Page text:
If your question does not appear here, please put it in the comments, and I will get right back to you with an answer.
What Does SG Stand For In Gibson SG?
The “SG” designation on the Gibson SG guitar stands for “Solid Guitar.”
Is An SG Good For Beginners?
An SG guitar is excellent for beginners because it is lightweight and has excellent upper fret access. Its shorter scale neck gives it lower string tension, making it easier to bend strings. The thin neck and low string action make it easier to play fast with better accuracy.
Is The Les Paul Or SG Easier To Play?
Most players consider the SG an easier guitar to play because it has double horns for better access to the highest frets, while the Les Paul only has one lower horn. The SG is also considerably lighter than the Les Paul, making it more comfortable to play while standing for long periods.
Is A Les Paul Easier To Play Than A Strat?
Opinions vary, but a Les Paul is generally considered easier to play than a Stratocaster. Even though the Stratocaster has better upper fret access, the Les Paul has a shorter scale neck and lower string action. This makes the Les Paul easier to bend strings and play fast.
What Is Better, A Telecaster Or Stratocaster?
They are both excellent guitars. It depends if sound or playability is more important to you.
The Telecaster has a more twangy and trebly sound than the Stratocaster, making it the go-to instrument for Country music. At the same time, the Stratocaster played a more significant role in defining the sound of Rock and Electric Blues.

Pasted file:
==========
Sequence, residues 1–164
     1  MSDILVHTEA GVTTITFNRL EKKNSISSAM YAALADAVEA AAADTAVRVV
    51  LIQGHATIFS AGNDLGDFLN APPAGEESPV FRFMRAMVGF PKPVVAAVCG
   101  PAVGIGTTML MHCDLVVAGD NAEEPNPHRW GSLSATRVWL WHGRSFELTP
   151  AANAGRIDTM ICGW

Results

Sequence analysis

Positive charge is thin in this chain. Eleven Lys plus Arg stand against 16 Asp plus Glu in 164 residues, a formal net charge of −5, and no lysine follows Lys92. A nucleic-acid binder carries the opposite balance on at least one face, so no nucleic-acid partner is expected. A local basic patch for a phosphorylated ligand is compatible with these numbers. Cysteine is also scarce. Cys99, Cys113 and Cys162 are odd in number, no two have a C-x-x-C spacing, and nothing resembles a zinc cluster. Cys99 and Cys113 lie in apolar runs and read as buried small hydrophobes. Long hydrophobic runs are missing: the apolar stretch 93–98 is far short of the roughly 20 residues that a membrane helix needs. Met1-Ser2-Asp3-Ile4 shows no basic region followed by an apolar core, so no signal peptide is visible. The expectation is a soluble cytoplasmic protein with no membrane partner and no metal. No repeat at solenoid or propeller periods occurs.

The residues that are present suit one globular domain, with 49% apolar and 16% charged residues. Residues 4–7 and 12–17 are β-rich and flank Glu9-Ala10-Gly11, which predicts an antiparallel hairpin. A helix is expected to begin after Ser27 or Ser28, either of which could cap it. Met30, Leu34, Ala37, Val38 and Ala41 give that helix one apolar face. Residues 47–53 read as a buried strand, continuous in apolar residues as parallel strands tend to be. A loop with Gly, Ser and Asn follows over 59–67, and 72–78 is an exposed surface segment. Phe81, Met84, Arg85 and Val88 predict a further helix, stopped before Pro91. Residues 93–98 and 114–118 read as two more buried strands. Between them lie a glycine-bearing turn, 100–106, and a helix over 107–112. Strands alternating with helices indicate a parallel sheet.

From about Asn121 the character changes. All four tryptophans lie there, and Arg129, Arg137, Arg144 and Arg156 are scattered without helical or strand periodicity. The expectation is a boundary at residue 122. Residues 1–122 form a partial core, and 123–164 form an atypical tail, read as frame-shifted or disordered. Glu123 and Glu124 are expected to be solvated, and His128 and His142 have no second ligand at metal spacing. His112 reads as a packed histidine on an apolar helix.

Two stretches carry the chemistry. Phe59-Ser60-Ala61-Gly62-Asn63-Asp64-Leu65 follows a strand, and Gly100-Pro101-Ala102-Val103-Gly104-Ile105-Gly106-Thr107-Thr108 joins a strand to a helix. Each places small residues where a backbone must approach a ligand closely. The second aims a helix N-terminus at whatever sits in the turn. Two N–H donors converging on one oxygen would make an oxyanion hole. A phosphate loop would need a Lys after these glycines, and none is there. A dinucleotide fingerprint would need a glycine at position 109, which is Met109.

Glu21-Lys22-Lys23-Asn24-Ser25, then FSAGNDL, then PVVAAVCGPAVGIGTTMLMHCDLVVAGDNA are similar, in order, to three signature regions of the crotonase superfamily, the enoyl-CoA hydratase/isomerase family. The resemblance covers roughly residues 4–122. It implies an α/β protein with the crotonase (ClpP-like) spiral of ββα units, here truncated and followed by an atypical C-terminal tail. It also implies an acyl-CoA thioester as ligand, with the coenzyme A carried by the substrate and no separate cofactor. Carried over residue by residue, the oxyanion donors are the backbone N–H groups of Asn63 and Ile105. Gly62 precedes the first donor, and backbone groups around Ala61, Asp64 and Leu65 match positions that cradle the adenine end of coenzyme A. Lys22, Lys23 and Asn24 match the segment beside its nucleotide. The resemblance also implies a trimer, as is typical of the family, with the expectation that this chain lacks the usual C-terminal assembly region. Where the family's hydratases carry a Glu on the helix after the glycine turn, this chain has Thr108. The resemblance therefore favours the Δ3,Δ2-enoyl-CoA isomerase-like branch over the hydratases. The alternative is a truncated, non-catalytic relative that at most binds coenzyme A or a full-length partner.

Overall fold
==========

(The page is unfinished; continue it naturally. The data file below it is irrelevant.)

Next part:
When Fender released the Stratocaster, it was advertised as their “Flagship” electric, with many innovations over the Telecaster, like the tremolo bridge, a micro-tilt neck adjustment, and three pickups.
The Stratocaster has double horns for better upper fret access and body curves on the front and back for improved playing comfort.
To decide, you have to play both guitars and decide which one is best for you.
I hope you enjoyed this article on why do electric guitars have horns!
Guitars can have single or double horns (also called cutaways). They help improve a guitar’s playability by providing better access to the highest frets. Additionally, they can give the guitar a “cool factor,” which helped make solid-body electric guitars popular in their earliest days.
Horns provide weight relief and balance but can decrease the natural sustain of an instrument. Double-horned guitars are typically easier to play than guitars with one horn.
The Gibson SG guitar has the best upper fret access because of how the guitar’s body joins the neck. The cherry red SG may give the impression of the Devil’s horns because of its double horn symmetry and color.
The Gibson Flying V design is one of the few solid-body electrics that does not have horns, and manufacturers like Jackson and Kramer have duplicated its design.
Horns can give a guitar a distinctive look, and a playing advantage, but ultimately, an electric guitar should primarily be selected for its sound and playability.
Tell Me What You Think
Please leave a comment below if you enjoyed this article, have any questions about guitars with horns, or want to give your point of view. I will be happy to help you.
- What electric guitar do you like best? Do its horns factor into your choice?
- Which electric guitar do you think is easiest to play? Why?
- After reading this article, will you likely get a new guitar? Which one?
- What else is on your mind?